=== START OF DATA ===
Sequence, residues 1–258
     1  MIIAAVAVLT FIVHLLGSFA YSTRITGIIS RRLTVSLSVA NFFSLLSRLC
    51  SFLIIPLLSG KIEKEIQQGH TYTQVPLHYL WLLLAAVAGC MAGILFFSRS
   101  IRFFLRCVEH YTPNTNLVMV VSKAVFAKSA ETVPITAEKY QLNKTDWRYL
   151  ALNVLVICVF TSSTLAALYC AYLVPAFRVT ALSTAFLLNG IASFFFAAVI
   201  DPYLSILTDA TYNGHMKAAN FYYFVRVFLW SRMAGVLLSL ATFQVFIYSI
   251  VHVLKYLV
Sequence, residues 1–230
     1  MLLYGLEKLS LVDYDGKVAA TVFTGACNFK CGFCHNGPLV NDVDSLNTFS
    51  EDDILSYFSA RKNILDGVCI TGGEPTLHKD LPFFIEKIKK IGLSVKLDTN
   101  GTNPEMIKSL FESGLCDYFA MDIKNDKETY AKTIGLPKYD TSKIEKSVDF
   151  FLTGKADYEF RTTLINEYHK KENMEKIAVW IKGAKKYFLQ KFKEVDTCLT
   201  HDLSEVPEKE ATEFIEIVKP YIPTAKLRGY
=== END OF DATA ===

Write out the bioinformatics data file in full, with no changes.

Sequence, residues 1–258
     1  MIIAAVAVLT FIVHLLGSFA YSTRITGIIS RRLTVSLSVA NFFSLLSRLC
    51  SFLIIPLLSG KIEKEIQQGH TYTQVPLHYL WLLLAAVAGC MAGILFFSRS
   101  IRFFLRCVEH YTPNTNLVMV VSKAVFAKSA ETVPITAEKY QLNKTDWRYL
   151  ALNVLVICVF TSSTLAALYC AYLVPAFRVT ALSTAFLLNG IASFFFAAVI
   201  DPYLSILTDA TYNGHMKAAN FYYFVRVFLW SRMAGVLLSL ATFQVFIYSI
   251  VHVLKYLV
Sequence, residues 1–230
     1  MLLYGLEKLS LVDYDGKVAA TVFTGACNFK CGFCHNGPLV NDVDSLNTFS
    51  EDDILSYFSA RKNILDGVCI TGGEPTLHKD LPFFIEKIKK IGLSVKLDTN
   101  GTNPEMIKSL FESGLCDYFA MDIKNDKETY AKTIGLPKYD TSKIEKSVDF
   151  FLTGKADYEF RTTLINEYHK KENMEKIAVW IKGAKKYFLQ KFKEVDTCLT
   201  HDLSEVPEKE ATEFIEIVKP YIPTAKLRGY